Sell-Side Market Study Shows How Prioritizing Digital Investments Enables Share Gain
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Volume XXVI, Issue 20 |

There is a range of digital routes to market for business-to-business (B2B) companies today, and the specific channels, customers and products involved can have a significant impact on the value of a given go-to-market strategy. Leveraging third-party sellers through marketplaces such as Amazon is one example of the many digital routes. In the following sections, L.E.K. Consulting provides a specific perspective on using independent sellers to further enable digital commerce strategy.

Historically seen as the domain of business-to-consumer (B2C) transactions, digital commerce has quickly proven to be equally important in the B2B and business-to-business-to-consumer (B2B2C) sectors. Despite slower ecommerce adoption in the B2B realm, the trajectory points toward continued growth and significant opportunities for businesses willing to embrace digital strategies. This edition of Executive Insights provides an overview of the current state of digital commerce in B2B, details key barriers to adoption and outlines strategies for successful execution.

Digital commerce is less prevalent in B2B compared to B2C; however, its importance cannot be overstated. Today, 98% of B2B firms are procuring online in some form and 91% of B2B purchasers prefer online channels, indicating a fundamental shift toward digital channels. Beyond direct purchases, customers are increasingly relying on online tools for product research and selection; 93% of sales begin with an online search.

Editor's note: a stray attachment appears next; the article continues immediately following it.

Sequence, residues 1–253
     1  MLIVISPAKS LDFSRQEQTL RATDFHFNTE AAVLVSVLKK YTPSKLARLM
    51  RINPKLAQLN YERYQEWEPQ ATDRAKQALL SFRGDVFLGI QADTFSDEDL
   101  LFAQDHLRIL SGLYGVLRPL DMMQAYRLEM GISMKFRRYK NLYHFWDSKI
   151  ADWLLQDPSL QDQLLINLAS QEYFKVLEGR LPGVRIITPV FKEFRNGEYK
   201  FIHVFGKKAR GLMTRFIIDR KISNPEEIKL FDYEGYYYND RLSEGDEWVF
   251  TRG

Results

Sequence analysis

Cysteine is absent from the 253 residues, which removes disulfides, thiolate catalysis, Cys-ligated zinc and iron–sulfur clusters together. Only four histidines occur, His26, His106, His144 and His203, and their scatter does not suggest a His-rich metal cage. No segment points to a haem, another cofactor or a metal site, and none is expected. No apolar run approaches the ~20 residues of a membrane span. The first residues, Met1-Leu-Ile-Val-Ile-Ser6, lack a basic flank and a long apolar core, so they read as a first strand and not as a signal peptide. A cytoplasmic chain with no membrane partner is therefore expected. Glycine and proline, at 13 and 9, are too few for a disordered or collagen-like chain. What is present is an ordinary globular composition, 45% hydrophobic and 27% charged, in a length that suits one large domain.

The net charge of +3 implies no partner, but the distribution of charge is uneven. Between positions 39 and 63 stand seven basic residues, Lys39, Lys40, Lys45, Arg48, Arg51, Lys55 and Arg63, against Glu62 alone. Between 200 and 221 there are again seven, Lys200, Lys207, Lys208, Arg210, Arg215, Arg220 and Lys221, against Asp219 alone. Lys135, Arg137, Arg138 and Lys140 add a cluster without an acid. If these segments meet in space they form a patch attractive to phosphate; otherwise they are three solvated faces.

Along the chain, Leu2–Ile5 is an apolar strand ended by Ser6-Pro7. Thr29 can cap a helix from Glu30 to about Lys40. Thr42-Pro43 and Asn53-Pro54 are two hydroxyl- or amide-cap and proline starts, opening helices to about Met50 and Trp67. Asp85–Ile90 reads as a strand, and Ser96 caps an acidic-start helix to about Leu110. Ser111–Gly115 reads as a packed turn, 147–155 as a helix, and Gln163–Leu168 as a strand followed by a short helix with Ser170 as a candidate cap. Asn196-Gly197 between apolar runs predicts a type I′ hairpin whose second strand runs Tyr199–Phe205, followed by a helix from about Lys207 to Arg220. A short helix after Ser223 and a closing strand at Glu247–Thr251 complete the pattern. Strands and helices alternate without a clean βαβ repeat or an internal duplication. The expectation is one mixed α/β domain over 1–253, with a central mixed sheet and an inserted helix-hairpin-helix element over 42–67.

The rate of growth for ecommerce within B2B sales further underscores its rising significance, with B2B ecommerce sales expected to nearly quadruple the growth of overall B2B product sales. A notable 10% year-over-year increase in B2B ecommerce sales in 2023 (15.7% for Amazon Business) starkly contrasts with a projected 3.0% growth in overall B2B product sales. Through 2027, ecommerce sales are expected to grow by approximately 7.5% per year, strongly outperforming non-ecommerce product sales growth of about 2.6% (see Figure 1).

The strong preference for online procurement and the large volume of transactions taking place online represent a threat to firms that are not selling via digital commerce. Without online channels, companies risk not being accessible to customers and not being aligned with distributors’ or resellers’ preferences. Proactive investment in digital presence is critical to retain influence on brand and product selection given that legacy shelf/stocking advantages are mitigated by online retailers’ ability to use drop ship or marketplace resellers to create an “endless aisle.” These fundamental changes to purchasing behavior represent a near-term threat to market share and value for companies that lag in adopting digital strategies.

Barriers to effective digital commerce strategy

Several challenges hinder the seamless adoption of digital commerce strategies in B2B:

  • Pricing integrity: Maintaining consistent pricing across channels is crucial, especially given the broad visibility of ecommerce platforms. Inconsistencies can lead to a “race to the bottom” effect, undermining both online and physical store sales.
  • Digital (im)maturity: Companies that are less digitally mature are often hesitant to embrace digital initiatives, further delaying their digital commerce evolution and driving a wider digital gap with competitors.